Workplace Bullying

An Ongoing Problem
by Bill Blundell
The Antioch Group

Schoolyard antics prove just as damaging at the office, and employers need to take more responsibility for it.

The issue of bullying is a hot-button topic in our society today, and it is unfortunate to see the prevalence of bullying in our nation’s schools. However, what’s often overlooked is the unhealthy prevalence of workplace bullying, or mobbing. Researcher Heinz Leymann first studied this phenomenon in the 1980s in Sweden and used the word “mobbing” to describe its occurrence, based on the idea of what happens in nature. “Mobbing” occurs when a group of smaller animals attack a single, larger animal. The point being, the animal being attacked has little chance of defending itself. As studies on this topic continued, the term “workplace bullying” has become more understandable and appropriate.

Unfortunately, there is limited research on the topic of workplace bullying. The studies that have been done have shown this issue is serious and employers need to take more responsibility for it. The Workforce Bullying Institute (WBI) defines workplace bullying as “the repeated, health-harming mistreatment of one or more persons (the targets) by one or more perpetrators that takes one or more of the following forms: verbal abuse; offensive conduct/behaviors (including nonverbal), which are threatening, humiliating or intimidating; and workforce interference—sabotage—which prevents work from getting done.”

Just as with bullying in children and adolescents, the perpetrator in the workplace seeks to do damage, which can result in the target losing his or her job, diminish respect from others, create low morale and hurt relationships with coworkers. Workplace bullying does not generally involve physical violence, as that is illegal and simple to report. However, with that said, it would not be out of the realm of possibility for a perpetrator to physically assault a target.

Workplace bullying is underreported for a variety of reasons. The target may be embarrassed about what is happening and does not want to report it. This is similar to what happens in schools with children. Many times, the target in either scenario does not want to bring any extra attention to him/herself. Other times, it may go underreported because the perpetrator is a person in power; i.e. a boss, manager, CEO or director of human resources.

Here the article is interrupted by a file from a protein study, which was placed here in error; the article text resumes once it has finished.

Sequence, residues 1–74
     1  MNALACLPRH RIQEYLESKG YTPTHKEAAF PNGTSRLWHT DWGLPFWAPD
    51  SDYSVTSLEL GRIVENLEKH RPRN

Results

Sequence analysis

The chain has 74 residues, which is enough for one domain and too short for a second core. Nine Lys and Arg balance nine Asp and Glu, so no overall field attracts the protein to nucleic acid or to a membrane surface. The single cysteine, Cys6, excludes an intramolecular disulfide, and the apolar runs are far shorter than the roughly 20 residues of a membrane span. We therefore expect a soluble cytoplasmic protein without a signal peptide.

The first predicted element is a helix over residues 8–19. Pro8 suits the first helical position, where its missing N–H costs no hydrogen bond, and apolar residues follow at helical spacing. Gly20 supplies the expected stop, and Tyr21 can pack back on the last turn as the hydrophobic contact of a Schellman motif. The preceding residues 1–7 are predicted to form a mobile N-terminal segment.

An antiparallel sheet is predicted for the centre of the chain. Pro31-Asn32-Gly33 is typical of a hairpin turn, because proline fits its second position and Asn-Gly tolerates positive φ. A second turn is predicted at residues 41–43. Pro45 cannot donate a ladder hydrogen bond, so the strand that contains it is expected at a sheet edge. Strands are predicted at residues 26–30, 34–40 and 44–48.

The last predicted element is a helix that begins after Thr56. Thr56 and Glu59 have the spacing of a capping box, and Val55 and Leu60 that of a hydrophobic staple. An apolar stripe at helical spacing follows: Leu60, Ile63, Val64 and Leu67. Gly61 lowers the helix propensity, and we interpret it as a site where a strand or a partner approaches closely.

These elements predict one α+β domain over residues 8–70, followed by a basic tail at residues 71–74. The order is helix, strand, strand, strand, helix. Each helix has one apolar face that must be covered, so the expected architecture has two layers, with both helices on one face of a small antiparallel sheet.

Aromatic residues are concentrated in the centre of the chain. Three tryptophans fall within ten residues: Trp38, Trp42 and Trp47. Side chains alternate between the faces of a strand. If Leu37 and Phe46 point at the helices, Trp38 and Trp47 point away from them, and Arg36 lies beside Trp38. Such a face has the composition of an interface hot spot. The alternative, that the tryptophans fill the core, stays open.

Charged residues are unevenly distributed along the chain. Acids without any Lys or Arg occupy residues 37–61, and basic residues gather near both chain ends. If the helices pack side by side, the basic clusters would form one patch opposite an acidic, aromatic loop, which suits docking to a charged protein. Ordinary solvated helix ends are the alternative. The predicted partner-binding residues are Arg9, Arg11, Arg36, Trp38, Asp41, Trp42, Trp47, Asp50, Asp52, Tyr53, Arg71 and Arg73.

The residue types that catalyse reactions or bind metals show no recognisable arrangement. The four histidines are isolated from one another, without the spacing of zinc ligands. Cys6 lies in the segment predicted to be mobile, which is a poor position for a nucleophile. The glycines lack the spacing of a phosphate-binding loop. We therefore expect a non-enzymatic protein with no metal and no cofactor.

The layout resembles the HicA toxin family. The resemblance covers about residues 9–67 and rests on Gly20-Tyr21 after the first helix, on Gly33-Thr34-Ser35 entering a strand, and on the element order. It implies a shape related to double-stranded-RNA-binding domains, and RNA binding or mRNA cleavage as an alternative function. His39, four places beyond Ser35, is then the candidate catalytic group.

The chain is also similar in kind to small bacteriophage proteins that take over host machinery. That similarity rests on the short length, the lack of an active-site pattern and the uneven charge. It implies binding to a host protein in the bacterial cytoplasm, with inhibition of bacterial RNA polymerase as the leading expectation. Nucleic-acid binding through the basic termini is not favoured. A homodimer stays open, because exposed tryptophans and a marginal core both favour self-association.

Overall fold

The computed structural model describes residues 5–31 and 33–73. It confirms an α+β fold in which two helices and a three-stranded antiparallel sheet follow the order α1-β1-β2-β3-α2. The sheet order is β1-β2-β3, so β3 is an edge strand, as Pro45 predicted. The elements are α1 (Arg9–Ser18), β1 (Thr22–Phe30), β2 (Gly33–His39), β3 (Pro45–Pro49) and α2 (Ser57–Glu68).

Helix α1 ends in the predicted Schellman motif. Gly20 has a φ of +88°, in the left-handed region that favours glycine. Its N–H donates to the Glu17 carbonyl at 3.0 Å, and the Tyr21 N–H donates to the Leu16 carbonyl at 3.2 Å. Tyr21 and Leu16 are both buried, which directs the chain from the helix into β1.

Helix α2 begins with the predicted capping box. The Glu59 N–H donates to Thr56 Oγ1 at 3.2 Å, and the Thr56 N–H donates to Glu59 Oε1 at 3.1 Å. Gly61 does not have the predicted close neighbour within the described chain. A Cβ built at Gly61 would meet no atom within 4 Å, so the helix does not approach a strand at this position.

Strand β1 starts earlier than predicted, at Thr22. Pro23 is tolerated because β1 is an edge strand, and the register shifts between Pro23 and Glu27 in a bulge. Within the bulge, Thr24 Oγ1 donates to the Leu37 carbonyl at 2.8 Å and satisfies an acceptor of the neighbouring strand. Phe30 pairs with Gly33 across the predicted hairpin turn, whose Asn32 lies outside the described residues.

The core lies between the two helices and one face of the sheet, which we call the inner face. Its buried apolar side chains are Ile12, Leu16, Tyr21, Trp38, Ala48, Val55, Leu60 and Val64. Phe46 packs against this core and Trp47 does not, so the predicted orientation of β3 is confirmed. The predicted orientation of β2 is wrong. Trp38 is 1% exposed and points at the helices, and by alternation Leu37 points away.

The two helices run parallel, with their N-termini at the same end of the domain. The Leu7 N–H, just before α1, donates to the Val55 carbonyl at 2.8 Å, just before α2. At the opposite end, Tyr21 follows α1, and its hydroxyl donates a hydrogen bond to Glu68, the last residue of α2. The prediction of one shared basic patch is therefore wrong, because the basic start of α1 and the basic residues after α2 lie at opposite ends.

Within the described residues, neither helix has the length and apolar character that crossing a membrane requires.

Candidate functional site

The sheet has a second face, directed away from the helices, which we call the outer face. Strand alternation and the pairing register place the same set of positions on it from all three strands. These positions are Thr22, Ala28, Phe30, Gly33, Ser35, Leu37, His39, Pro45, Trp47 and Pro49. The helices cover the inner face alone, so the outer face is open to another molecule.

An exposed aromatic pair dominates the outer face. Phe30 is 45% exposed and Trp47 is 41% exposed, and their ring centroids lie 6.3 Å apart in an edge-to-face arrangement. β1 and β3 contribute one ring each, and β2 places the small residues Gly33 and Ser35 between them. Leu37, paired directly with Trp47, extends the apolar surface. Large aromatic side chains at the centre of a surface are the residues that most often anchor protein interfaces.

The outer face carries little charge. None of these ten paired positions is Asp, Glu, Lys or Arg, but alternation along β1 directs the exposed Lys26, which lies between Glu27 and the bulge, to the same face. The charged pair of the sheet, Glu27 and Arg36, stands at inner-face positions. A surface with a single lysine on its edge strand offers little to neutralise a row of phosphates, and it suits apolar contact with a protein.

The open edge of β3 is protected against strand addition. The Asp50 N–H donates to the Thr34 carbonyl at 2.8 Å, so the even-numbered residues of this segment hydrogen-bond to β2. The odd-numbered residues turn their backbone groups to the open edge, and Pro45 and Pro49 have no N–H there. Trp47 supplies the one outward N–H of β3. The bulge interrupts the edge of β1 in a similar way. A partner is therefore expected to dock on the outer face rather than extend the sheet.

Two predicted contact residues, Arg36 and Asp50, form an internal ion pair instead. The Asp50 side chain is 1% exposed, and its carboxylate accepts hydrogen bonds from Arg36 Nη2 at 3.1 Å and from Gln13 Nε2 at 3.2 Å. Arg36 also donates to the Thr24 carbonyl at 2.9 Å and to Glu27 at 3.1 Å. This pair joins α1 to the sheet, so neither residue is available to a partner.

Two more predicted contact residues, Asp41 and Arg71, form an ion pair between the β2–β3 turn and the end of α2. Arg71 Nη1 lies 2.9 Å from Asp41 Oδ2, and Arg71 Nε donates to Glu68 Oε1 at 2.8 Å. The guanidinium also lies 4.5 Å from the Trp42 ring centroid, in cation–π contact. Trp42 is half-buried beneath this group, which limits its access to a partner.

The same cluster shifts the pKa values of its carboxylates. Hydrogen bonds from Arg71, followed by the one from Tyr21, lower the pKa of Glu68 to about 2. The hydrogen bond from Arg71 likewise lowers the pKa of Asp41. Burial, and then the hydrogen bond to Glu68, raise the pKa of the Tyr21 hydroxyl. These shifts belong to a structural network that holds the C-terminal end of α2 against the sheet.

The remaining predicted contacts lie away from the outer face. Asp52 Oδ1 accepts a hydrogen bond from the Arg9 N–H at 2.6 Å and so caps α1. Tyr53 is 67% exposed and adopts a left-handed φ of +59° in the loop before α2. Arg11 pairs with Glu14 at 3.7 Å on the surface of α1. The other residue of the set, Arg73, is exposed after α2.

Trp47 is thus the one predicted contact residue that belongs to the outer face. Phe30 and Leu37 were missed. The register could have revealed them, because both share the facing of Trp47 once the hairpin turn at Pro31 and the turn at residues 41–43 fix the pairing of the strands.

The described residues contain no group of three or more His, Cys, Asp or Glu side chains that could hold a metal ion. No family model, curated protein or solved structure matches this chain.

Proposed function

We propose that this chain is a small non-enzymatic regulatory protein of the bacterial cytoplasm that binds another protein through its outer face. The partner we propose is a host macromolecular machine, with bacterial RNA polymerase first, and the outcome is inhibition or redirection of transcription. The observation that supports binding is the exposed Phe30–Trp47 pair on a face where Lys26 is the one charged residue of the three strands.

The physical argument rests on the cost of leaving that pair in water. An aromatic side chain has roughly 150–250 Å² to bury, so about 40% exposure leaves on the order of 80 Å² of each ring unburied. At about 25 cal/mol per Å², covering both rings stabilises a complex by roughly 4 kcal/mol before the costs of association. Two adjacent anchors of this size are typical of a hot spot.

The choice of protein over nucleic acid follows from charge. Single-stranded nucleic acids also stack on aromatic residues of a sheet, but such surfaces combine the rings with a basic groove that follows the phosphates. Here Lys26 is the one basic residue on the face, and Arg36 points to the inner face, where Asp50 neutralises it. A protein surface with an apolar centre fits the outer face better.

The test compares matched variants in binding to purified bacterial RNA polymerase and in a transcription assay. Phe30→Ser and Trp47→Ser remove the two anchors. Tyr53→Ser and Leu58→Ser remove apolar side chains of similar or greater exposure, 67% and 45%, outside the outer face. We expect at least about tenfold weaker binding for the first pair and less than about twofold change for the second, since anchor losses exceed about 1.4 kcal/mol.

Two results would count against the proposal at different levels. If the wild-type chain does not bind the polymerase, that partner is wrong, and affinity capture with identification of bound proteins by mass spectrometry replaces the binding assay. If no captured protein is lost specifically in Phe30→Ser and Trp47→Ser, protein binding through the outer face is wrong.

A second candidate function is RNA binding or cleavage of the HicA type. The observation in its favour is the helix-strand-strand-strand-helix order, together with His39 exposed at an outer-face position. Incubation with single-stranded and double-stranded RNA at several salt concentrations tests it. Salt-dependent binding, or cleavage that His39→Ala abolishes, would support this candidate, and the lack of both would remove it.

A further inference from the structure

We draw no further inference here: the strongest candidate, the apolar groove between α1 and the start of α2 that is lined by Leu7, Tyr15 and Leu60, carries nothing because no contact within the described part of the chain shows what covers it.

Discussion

Often, workplace bullying occurs within the same gender. In 2007, the WBI found 61 percent of reported workplace bullying occurred within the same gender and 71 percent of female bullies target other women. It is also interesting to note that many of the targets are veteran employees. This practice may occur because those types of workers may be seen as some type of threat in the workplace. The insecurity of the perpetrator fuels the bullying of veteran workers, as he or she may not like how much praise the veteran worker is getting. Often times, if the insecure perpetrator is a boss, he/she may begin to take responsibility for the work being done by a subordinate. This may seem to be a common occurrence in the workplace, but it is a serious form of workplace bullying.

In addition, targets are frequently those within a company who possess a high level of respect for ethics and honesty. These positive attributes are often seen by the perpetrators of workplace bullying as the target “sucking up” or being a “goody two shoes.” This further fuels the fire of insecurity and increases the likelihood of bullying. Simply put, the workers who are the most competent, hard-working and assertive tend to be targets of workplace bullying.

To date, there is limited help for targets of workplace bullying. In essence, employers should make it a priority to protect their employees from bullying and discipline those who perpetrate it. Studies show that workplace bullying can diminish production in the workplace because, often times, targets are made to feel inferior. Also, the psychological effects of workplace bullying can be significant. Bullying in the workplace can lead to depression, anxiety, and even more serious issues if not addressed. People have difficulty functioning at peak performance if they dread going to work because they have to deal with a perpetrator of workplace bullying. As of today, there are no existing laws to help stop bullying in the workplace, and thus far, the Healthy Workplace Bill has not been passed in any state in which it has been proposed. (Illinois was the 15th state to propose such a bill. HB 942 was introduced in 2012 but died in the Rules Committee.) As of April 2013, 10 states have current bills active but nothing further has occurred.

The WBI website, healthyworkplacebill.org, offers an array of helpful tools to those who are targets, including a list of warning signs that may indicate you are being bullied in the workplace. Many times, employees are being bullied by coworkers or someone in authority and do not even realize it. The website also promotes “Freedom Week,” occurring October 20th through 26th this year, to raise awareness of this epidemic. As time moves forward, it is hoped employers recognize this negative practice and begin to end it, just as schools across America have been working hard to do for children. iBi

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